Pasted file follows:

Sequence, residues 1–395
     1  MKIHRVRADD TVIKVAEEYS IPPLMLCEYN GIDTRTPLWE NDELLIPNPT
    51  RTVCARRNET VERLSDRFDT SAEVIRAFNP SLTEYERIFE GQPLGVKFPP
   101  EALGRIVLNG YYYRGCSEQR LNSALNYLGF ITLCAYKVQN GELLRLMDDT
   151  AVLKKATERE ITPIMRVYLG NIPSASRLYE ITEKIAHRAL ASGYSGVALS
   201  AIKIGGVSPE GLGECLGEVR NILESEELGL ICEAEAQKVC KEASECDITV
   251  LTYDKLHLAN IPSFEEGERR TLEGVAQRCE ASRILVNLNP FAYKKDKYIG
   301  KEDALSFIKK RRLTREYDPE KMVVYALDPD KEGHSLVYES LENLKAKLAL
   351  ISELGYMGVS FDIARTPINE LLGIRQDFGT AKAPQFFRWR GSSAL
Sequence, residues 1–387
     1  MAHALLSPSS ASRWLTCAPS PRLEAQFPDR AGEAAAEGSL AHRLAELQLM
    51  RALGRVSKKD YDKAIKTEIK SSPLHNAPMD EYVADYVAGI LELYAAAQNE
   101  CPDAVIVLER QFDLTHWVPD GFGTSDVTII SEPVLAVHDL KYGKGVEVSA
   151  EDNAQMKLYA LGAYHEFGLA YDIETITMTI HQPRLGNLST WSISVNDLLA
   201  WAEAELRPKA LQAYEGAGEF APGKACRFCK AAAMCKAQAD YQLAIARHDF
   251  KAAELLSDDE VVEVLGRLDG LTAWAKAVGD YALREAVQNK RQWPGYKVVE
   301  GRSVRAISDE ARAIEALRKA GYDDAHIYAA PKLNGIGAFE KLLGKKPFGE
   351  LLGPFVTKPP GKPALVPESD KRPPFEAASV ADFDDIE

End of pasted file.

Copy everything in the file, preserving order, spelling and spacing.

Sequence, residues 1–395
     1  MKIHRVRADD TVIKVAEEYS IPPLMLCEYN GIDTRTPLWE NDELLIPNPT
    51  RTVCARRNET VERLSDRFDT SAEVIRAFNP SLTEYERIFE GQPLGVKFPP
   101  EALGRIVLNG YYYRGCSEQR LNSALNYLGF ITLCAYKVQN GELLRLMDDT
   151  AVLKKATERE ITPIMRVYLG NIPSASRLYE ITEKIAHRAL ASGYSGVALS
   201  AIKIGGVSPE GLGECLGEVR NILESEELGL ICEAEAQKVC KEASECDITV
   251  LTYDKLHLAN IPSFEEGERR TLEGVAQRCE ASRILVNLNP FAYKKDKYIG
   301  KEDALSFIKK RRLTREYDPE KMVVYALDPD KEGHSLVYES LENLKAKLAL
   351  ISELGYMGVS FDIARTPINE LLGIRQDFGT AKAPQFFRWR GSSAL
Sequence, residues 1–387
     1  MAHALLSPSS ASRWLTCAPS PRLEAQFPDR AGEAAAEGSL AHRLAELQLM
    51  RALGRVSKKD YDKAIKTEIK SSPLHNAPMD EYVADYVAGI LELYAAAQNE
   101  CPDAVIVLER QFDLTHWVPD GFGTSDVTII SEPVLAVHDL KYGKGVEVSA
   151  EDNAQMKLYA LGAYHEFGLA YDIETITMTI HQPRLGNLST WSISVNDLLA
   201  WAEAELRPKA LQAYEGAGEF APGKACRFCK AAAMCKAQAD YQLAIARHDF
   251  KAAELLSDDE VVEVLGRLDG LTAWAKAVGD YALREAVQNK RQWPGYKVVE
   301  GRSVRAISDE ARAIEALRKA GYDDAHIYAA PKLNGIGAFE KLLGKKPFGE
   351  LLGPFVTKPP GKPALVPESD KRPPFEAASV ADFDDIE